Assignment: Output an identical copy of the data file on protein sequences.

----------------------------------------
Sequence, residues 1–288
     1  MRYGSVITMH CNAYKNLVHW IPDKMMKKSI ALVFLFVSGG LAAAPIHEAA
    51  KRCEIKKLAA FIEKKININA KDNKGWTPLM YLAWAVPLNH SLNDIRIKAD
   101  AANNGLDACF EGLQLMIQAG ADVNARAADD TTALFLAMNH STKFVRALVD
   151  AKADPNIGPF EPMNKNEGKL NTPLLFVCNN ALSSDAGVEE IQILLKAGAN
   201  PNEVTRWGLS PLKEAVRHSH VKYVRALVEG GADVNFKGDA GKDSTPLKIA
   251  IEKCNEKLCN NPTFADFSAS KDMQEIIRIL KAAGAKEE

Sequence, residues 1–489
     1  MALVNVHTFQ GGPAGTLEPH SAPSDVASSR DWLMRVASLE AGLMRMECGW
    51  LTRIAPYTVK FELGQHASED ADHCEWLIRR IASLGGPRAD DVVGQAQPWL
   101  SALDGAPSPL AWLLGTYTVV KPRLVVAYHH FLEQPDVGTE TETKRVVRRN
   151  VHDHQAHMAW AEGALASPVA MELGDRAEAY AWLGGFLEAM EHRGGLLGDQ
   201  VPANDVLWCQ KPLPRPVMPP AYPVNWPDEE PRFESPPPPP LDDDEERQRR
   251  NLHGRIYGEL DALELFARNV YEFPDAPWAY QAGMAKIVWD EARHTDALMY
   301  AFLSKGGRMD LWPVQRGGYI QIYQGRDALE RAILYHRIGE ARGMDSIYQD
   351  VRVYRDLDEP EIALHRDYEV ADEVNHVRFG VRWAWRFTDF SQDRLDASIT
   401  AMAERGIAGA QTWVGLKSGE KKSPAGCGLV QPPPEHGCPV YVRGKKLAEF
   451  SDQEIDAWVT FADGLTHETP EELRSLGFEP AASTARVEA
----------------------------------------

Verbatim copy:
Sequence, residues 1–288
     1  MRYGSVITMH CNAYKNLVHW IPDKMMKKSI ALVFLFVSGG LAAAPIHEAA
    51  KRCEIKKLAA FIEKKININA KDNKGWTPLM YLAWAVPLNH SLNDIRIKAD
   101  AANNGLDACF EGLQLMIQAG ADVNARAADD TTALFLAMNH STKFVRALVD
   151  AKADPNIGPF EPMNKNEGKL NTPLLFVCNN ALSSDAGVEE IQILLKAGAN
   201  PNEVTRWGLS PLKEAVRHSH VKYVRALVEG GADVNFKGDA GKDSTPLKIA
   251  IEKCNEKLCN NPTFADFSAS KDMQEIIRIL KAAGAKEE

Sequence, residues 1–489
     1  MALVNVHTFQ GGPAGTLEPH SAPSDVASSR DWLMRVASLE AGLMRMECGW
    51  LTRIAPYTVK FELGQHASED ADHCEWLIRR IASLGGPRAD DVVGQAQPWL
   101  SALDGAPSPL AWLLGTYTVV KPRLVVAYHH FLEQPDVGTE TETKRVVRRN
   151  VHDHQAHMAW AEGALASPVA MELGDRAEAY AWLGGFLEAM EHRGGLLGDQ
   201  VPANDVLWCQ KPLPRPVMPP AYPVNWPDEE PRFESPPPPP LDDDEERQRR
   251  NLHGRIYGEL DALELFARNV YEFPDAPWAY QAGMAKIVWD EARHTDALMY
   301  AFLSKGGRMD LWPVQRGGYI QIYQGRDALE RAILYHRIGE ARGMDSIYQD
   351  VRVYRDLDEP EIALHRDYEV ADEVNHVRFG VRWAWRFTDF SQDRLDASIT
   401  AMAERGIAGA QTWVGLKSGE KKSPAGCGLV QPPPEHGCPV YVRGKKLAEF
   451  SDQEIDAWVT FADGLTHETP EELRSLGFEP AASTARVEA